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first_img For all the Latest Sports News News, ICC World Cup News, Download News Nation Android and iOS Mobile Apps. New Delhi: Australian all-rounder Marcus Stoinis has been ruled out of clash against Pakistan to be held at The Cooper Associates County Ground in Taunton. Stoinis is suffering from a side strain and Mitchell Marsh has been brought as a replacement in the Aussies squad.The all-rounder has played all the three games for his team and picked up the injury during the match against India at The Kennington Oval on Sunday.Australian skipper Aaron Finch during the press conference said, “Marcus Stoinis has a bit of a side strain. He won’t be available for tomorrow. So we’re going to have to juggle around especially that allrounder spot’’.Also read | Who can replace injured Shikhar Dhawan in India’s World Cup 2019 squad? Know hereTalking about the upcoming encounter, match number 17, on one hand, five-time world champs Australia has played three matches as of now and has won two out of three games.On the other hand, Pakistan has played two games and tasted both a win and a defeat while their third match against Sri Lanka got washed out and the teams shared one point each. Talking statistically, Australia and Pakistan has faced each other nine times in the World Cup where Aussies has managed to win five games while the 1992 world champs has won on four occasions.Also read | ICC World Cup 2019: Australia vs Pakistan Dream11 Prediction, Fantasy Playing XIIf you like to play Fantasy sports game, then, you may want to check out our possible Playing XI for the upcoming game. last_img read more

first_img Published on April 28, 2016 at 11:11 pm Contact Matthew: [email protected] | @MatthewGut21 Related Stories Syracuse uses 3 pitchers for just 3rd time this season in 8-6 win over Siena Three pitches into the third inning, Syracuse already had a run scored. Two batters later, Hannah Dossett stepped in with two outs and a runner on base. Down 1-2 in the count, SU head coach Mike Bosch yelled, “Battle here 10!” to Dossett, who wears No. 10.Then Siena starter Danielle Cacciola stepped back, grabbed a handful of dirt and tossed it aside. She had already given up two runs in the inning.“When we got down 4-1, I just asked them to you know, battle and compete,” Bosch said. “And they responded with three that inning and three the next inning.”On the next pitch, Alicia Hansen one-hopped the “ACC” sign in dead center, scoring Dossett and evening the score at four. It was the fifth hit for the Orange in the inning, the fourth which came on the first pitch of the at-bat.That aggressive approach from the middle of the lineup propelled Syracuse (27-21, 9-11 Atlantic Coast) to an 8-6 game 2 win over Siena (21-18, 6-6 Mid Atlantic Athletic) on Thursday at SU Softball Stadium. The Orange won game 1 in five innings, 9-1.AdvertisementThis is placeholder textSyracuse’s two through seven hitters combined to go 13-for-21 in the game. Out of the two hole, Rachel Burkhardt went 2-for-4 with two runs scored. Sydney O’Hara went 4-for-4 with three RBI in the cleanup spot. Dossett and Hansen combined to go 5-for-7 from the six and seven holes, respectively.“We had a lot of good at bats, a lot of line drives,” Bosch said. “Especially out of the middle of our order.”In the fourth, SU took advantage of a throwing error by Saints catcher Sammy Smaldone. With Kelsey Johnson at second, a wild pitch to Corinne Ozanne sent the ball ricocheting off the backstop, prompting Johnson to sprint toward third.The ball skidded right to Smaldone, who fired toward third base to try to gun down Johnson. But, with Ozanne standing as still as a statue in the box, Smaldone’s throw hit Ozanne’s bat. The ball trickled near the SU dugout and Johnson scored easily.Two walks, a single and a sac fly later, the Orange had again put up three runs for the second consecutive inning. The three-run fourth gave SU a 7-1 lead that was just enough for Jocelyn Cater to earn the win.In the sixth, O’Hara injured her left leg on the bases. She left the game and exited the dugout on crutches. But with four hits in game 2, O’Hara was in the thick of the Orange’s offensive explosion.At 12:30 p.m., two and a half hours before game 1’s first pitch, SU watched film on how Siena’s pitchers attack hitters. Typically, SU will only study the conference opponents, but Bosch wanted to give his hitters an idea of what they would see in the games.“It’s not an hour long class session,” Bosch said. “It’s 15, 20 minutes so we feel like we’re at least a little prepared of what we’re going to get.”Siena pitchers are reliant on screwballs and curveballs to get hitters out, Bosch said. They didn’t throw many changeups nor did they change the heights of their pitches. This allowed SU hitters to look for one side of the plate on Thursday.Hansen was one of several Orange hitters who benefited from the pregame film session. She sat on the inside pitch after assistant coach Alisa Goler told her to look for it. If it wasn’t inside, Hansen wasn’t going to swing. She also backed off the plate an inch or two so she could get her hands out quicker than she normally would.This approach helped Syracuse dig itself out of the early hole and emerge on top after seven innings.“When we were down 4-1, we just had to come back right after,” Hansen said, “and we did.” Commentscenter_img Facebook Twitter Google+last_img read more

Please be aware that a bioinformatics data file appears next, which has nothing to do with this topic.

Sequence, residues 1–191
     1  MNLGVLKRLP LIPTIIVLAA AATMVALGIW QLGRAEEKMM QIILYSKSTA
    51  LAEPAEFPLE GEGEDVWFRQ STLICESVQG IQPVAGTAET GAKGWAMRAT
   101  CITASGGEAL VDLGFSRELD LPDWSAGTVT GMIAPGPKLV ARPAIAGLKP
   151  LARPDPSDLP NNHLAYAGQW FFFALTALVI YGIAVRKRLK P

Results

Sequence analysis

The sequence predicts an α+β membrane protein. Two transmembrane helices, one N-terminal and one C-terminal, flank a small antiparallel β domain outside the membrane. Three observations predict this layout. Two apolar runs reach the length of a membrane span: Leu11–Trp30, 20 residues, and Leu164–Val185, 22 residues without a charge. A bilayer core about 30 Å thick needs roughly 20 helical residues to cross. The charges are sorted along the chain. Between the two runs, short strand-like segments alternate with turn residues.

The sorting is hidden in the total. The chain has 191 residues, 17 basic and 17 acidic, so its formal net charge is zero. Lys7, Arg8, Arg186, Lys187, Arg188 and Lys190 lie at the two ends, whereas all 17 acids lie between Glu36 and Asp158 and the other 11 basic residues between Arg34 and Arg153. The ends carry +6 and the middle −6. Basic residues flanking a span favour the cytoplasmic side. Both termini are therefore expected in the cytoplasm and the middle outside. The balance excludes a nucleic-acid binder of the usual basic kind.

first_img by Ultimate Software ShareVideo Player is loading.Play VideoPauseMuteCurrent Time 0:00/Duration 2:29Loaded: 0.00%0:00Stream Type LIVESeek to live, currently playing liveLIVERemaining Time -2:29 Playback Rate1xChaptersChaptersDescriptionsdescriptions off, selectedCaptionscaptions settings, opens captions settings dialogcaptions off, selectedEnglishAudio Tracken (Main), selectedFullscreenThis is a modal window.Beginning of dialog window. 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This modal can be closed by pressing the Escape key or activating the close button.PlayMuteCurrent Time 0:00/Duration 0:00Loaded: 0%Stream Type LIVESeek to live, currently playing liveLIVERemaining Time -0:00 Playback Rate1xFullscreenLyft’s first earnings report since its high-profile IPO proved to be a mixed bag of good and bad news. Revenue growth in the quarter surpassed analyst estimates but the company’s net loss was significantly weighed down by stock-based compensation related to its March 29 offering.Lyft also announced it was partnering with Waymo, an Alphabet subsidiary working on self-driving cars, to bring a small fleet of autonomous vehicles to the Lyft platform in Phoenix. In the next few months, Lyft customers in Phoenix will have the option to hail a ride from 10 self-driving cars when they are available, Waymo said in a blog post Tuesday afternoon.Lyft indicated in a call held to discuss earnings that the Waymo partnership won’t be extended to Uber, despite Google’s early investment in the Lyft rival. “We’re in a position to build our own self-driving components,” CEO Logan Green said, explaining that the Waymo arrangement is only one “prong” in its self-driving plans. “We’re agnostic as to where this technology comes from.”The San Francisco-based ride-hailing company saw its stock initially rise once its earnings figures were announced, erasing the 2% decline that the stock posted during official trading hours. That brief enthusiasm may have been sparked by Lyft’s news that revenue in the first quarter of 2019 surged 95% to $776 million, above the $739 million that Wall Street had been forecasting.The news on the bottom line, meanwhile, wasn’t good. Lyft posted a GAAP net loss of $1.1 billion, or $48.53 a share. The bulk of Lyft’s expenses were related to stock-based compensation. The company’s non-GAAP net loss, which factors out stock-related pay, totaled $212 million, down slightly from $228 million in the same period a year ago. Analysts had been expecting Lyft to post a non-GAAP loss of $274 million.After its brief rise, Lyft’s stock soon began sinking, falling as low as $56.80 a share, or 4.3% below its official closing price Tuesday. That’s 21% below the $72 a share offering price of Lyft’s IPO. After popping up on its first day of trading, Lyft’s stock soon began drifting down and has yet to reach its offering price.In Lyft’s favor, the company benefited from increased demand in the first quarter: Active riders using its app rose 46% to 20.5 million, while revenue per active rider rose 34% to $37.86. But the company is still awash in red ink, presenting its executives with the quandary of how to move the company toward profitability without price increases that could send loyal Lyft riders to its chief rival, Uber.That the bulk of Lyft’s $1.1 billion net loss came from stock-based compensation may offer a balm to investors. But it may exacerbate a public-relations battle that Lyft and Uber are waging against drivers who have been agitating for better pay and benefits and who are planning a strike on Wednesday. Lyft’s earnings underscore the gap between contractor pay and employee compensation, which has grown wider in the wake of its IPO.For Lyft investors, there is also the question of how well the company can continue to hold its own against Uber, which will be raising its own pile of IPO proceeds when it completes its expected IPO this week. The two companies have engaged in price wars in the past—by some counts, they have lost a collective $4 billion to date to subsidize cheaper fares to win over riders.Lyft’s earnings report raised the question of how long it can engage in price wars. The company projected revenue would rise 60% in the current quarter to about $805 million. For the full year, Lyft sees revenue rising 52% to around $3.29 billion. While both forecasts are encouragingly above what analysts had been estimating, they point to a dramatic slowdown in growth rates from what Lyft saw in the first quarter.“The first quarter was a strong start to an important year, our first as a public company,” Green said. If as he expects, the economy keeps shifting from car ownership to hailing a ride via app, Lyft remains in a good position as a trailblazer. The problem with blazing trails, however, is that the landscape is nothing if not full of endless speed bumps.You May Like HealthFormer GE CEO Jeff Immelt: To Combat Costs, CEOs Should Run Health Care Like a BusinessHealthFor Edie Falco, an ‘Attitude of Gratitude’ After Surviving Breast CancerLeadershipGhosn Back, Tesla Drop, Boeing Report: CEO Daily for April 4, 2019AutosElon Musk’s Plan to Boost Tesla Sales Is Dealt a SetbackMPWJoe Biden, Netflix Pregnancy Lawsuit, Lesley McSpadden: Broadsheet April 4 Sponsored Content A Work Culture Built for All Generationslast_img read more